Mr. Speaker, the bill before the House this morning is, in my opinion, of special importance. The initiative of the Minister of Justice to restrict access to child pornography is an important measure and I want to assure the House that the Bloc Quebecois will work very seriously on this issue.
Protecting children is a fundamental principle in a society. Children are our greatest asset and they deserve all our attention and protection. They are the most vulnerable group in our society.
We could have a long debate on pornography in the broad sense of the term. However, in my opinion, child pornography is something that must be completely and fundamentally banned and prohibited, something that we must fight actively and strongly to prevent its spreading.
Not only is child pornography associated with a degrading sexual deviance, it also reflects a sick and degrading state of mind, for consumers, but especially for children.
It is not without a degree of emotion that I rise to address Bill C-20, because I am the father of two young children. I thought about my speech this morning for a long time, and I have been haunted by a terrible thought: what if my two sons fell into the hands of sexual predators or were sexually exploited by such depraved minds? This is why I am taking a particular interest in today's debate.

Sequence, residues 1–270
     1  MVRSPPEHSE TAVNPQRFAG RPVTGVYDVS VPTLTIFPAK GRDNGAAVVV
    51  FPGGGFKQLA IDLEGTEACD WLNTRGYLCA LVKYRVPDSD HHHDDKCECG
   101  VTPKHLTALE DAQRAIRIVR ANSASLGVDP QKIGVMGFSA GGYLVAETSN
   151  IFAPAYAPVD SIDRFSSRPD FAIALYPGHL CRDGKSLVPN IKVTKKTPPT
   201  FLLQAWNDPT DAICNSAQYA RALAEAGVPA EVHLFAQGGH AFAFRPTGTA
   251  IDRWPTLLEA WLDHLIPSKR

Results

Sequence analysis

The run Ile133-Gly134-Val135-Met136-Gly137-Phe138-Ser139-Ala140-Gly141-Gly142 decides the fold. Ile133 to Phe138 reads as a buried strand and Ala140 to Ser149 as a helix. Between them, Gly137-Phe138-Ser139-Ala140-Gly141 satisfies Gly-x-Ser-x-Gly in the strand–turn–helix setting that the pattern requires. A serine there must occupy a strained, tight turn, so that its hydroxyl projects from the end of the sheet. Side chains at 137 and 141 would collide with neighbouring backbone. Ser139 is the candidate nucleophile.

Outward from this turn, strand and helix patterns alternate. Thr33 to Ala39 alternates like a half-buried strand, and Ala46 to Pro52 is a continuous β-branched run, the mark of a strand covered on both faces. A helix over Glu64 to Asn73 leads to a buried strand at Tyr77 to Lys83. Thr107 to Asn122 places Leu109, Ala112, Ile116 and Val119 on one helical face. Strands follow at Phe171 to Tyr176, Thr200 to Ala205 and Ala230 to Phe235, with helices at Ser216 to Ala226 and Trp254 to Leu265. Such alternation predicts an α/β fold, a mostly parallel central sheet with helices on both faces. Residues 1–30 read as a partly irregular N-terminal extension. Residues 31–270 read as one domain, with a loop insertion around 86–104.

The Bloc Quebecois supports the principle of Bill C-20, because we feel that the minister's initiative deals with several important aspects of criminal law. It includes new provisions that have become necessary, given the particular nature of today's new technologies.
However, some clauses of Bill C-20 raise important questions, including those dealing with the issue of consent regarding sexual relations.
The Bloc Quebecois hopes to have some witnesses appear to discuss this issue and to examine all its aspects. Of course, we reserve the right and the privilege to move some amendments later on.
Bill C-20 makes fundamental changes two acts, the Criminal Code and the Canada Evidence Act. The government hopes to make a number of amendments to the Criminal Code, particularly to:
(a) amend the child pornography provisions with respect to the type of written material that constitutes child pornography, and with respect to the child pornography defences;
The bill will also:
(b) add a new category to the offence of sexual exploitation of young persons and make additional amendments to further protect children from sexual exploitation;
(c) increase the maximum penalty for child sexual offences—
(d) make child abuse an aggravating factor for the purpose of sentencing;
In the same vein, it is important, under the circumstances, to:
(e) amend and clarify the applicable test and criteria that need to be met for the use of testimonial aids, for excluding the public, for imposing a publication ban, for using video-recorded evidence or for appointing counsel for self-represented accused to conduct a cross-examination of certain witnesses;
And finally, it is important, in terms of the Criminal Code, to
(f) create an offence of voyeurism and the distribution of voyeuristic material.